Inmates in the work release program at the Snohomish County Jail say they've been exposed to bed bugs, and one man says it got so bad, he had more than 100 welts on his body before officials finally agreed to do something about it.
"There's the expected contribution from us to pay back society for what we've done, but I wasn't expecting to have to be eaten alive by parasites," said Peter Blyzka, who spent several months in the program this summer. "It really is a helpless feeling because you really have no choice but to be there."
Blyzka entered the work release program in mid-July. He spent his days studying business at the University of Washington Bothell and would return to a dorm-like facility on the Snohomish County corrections campus at night.
He first noticed something wrong after a fellow inmate was scratching at bug bites, he said.
"A few nights later, I was sleeping in a bunk next to him and started getting bites. They were small little bites that over time turned into larger welts," Blyzka recalled. "It was something I didn't need to go through. I was already going through a lot, and to have that stacked on top of it was an embarrassment."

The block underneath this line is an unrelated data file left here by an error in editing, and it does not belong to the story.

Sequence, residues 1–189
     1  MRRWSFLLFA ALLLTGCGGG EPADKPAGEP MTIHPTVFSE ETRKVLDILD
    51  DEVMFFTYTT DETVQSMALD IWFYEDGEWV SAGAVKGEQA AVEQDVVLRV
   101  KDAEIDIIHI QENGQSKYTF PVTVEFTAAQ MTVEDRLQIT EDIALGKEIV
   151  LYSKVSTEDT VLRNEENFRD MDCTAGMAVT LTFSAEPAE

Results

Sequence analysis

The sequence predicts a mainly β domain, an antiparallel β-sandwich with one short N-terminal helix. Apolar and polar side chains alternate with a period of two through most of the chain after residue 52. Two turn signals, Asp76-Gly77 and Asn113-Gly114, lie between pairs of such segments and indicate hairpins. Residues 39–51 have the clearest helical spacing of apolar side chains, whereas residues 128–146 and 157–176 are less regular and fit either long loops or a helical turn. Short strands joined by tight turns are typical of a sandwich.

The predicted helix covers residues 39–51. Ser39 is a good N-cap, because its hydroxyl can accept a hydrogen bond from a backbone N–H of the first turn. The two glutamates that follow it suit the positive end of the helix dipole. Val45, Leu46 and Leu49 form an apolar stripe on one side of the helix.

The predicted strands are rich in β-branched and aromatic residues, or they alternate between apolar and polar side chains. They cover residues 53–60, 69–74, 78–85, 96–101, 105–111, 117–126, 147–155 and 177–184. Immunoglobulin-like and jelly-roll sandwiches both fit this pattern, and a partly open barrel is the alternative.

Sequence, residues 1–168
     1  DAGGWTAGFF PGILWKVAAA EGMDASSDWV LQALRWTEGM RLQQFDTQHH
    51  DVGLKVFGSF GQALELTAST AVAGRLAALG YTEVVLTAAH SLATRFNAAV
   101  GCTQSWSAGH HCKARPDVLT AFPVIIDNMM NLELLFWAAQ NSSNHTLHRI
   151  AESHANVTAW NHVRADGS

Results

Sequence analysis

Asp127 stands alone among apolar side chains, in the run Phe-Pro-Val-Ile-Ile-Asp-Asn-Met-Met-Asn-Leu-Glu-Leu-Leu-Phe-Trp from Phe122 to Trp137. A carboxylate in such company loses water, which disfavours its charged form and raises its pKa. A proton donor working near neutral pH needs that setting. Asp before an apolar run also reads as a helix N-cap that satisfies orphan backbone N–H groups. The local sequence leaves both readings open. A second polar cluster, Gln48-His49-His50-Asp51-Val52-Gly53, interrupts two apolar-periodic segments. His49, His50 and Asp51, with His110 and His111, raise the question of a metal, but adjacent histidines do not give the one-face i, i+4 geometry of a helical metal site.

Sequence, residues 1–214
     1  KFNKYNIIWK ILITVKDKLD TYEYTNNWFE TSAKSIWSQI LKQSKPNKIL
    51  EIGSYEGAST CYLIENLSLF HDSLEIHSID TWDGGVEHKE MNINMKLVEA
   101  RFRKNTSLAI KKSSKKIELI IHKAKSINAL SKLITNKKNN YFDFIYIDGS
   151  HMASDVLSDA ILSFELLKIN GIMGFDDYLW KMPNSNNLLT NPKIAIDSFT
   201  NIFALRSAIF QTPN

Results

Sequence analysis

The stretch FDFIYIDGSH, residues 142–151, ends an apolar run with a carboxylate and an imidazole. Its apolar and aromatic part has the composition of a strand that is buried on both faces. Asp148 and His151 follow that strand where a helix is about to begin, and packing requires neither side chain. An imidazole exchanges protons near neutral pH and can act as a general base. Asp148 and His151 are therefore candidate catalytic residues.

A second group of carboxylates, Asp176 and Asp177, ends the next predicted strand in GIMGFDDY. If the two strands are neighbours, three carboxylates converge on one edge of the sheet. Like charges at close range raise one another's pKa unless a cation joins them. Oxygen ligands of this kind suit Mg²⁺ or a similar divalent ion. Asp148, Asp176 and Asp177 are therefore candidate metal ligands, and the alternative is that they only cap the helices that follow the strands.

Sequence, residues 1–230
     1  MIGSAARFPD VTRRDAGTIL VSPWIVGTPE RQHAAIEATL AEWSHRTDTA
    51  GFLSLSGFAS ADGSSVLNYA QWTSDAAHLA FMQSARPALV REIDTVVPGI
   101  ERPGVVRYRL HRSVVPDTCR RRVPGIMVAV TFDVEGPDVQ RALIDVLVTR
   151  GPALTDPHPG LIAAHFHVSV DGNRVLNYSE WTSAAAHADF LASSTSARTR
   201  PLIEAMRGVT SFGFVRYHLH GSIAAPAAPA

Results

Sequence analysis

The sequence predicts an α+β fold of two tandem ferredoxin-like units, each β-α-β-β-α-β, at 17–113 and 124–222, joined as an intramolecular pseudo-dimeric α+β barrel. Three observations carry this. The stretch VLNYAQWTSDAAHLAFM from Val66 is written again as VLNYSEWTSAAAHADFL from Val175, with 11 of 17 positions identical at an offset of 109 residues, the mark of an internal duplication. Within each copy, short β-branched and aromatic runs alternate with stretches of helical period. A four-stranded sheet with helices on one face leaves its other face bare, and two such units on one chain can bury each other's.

Blyzka said he complained to corrections officers but got nowhere, so he eventually captured a small bug and began tracking things in a journal while also taking photos of the bites. Some show clusters of smaller dots on his shoulder or hand; others show large welts on his head, neck, and arms.
He eventually filed two grievances before he finished the program.
"(We've) been working hard to tackle the problem because we certainly don't want it to spread and we definitely want to get it contained right away," said Shari Ireton, spokeswoman for the Snohomish County Sheriff's Office. "As far as we know, we haven't had an issue with bed bugs before in our facility going back many years."
Ireton said a pest-control company was paying its third visit to the facility this week to power wash the area and spray chemicals.
Blyzka - who spent time in the facility for a drunk driving-related case - is scheduled to return soon for a second stint on a related charge. He hopes this time around he'll be sleeping alone.
"I just wanted to be treated. I just wanted to be treated like a normal human being who was going through some hard times and needed some correction," he said. "There was no reason to have to put up with the conditions that I had to put up with. It was not fair."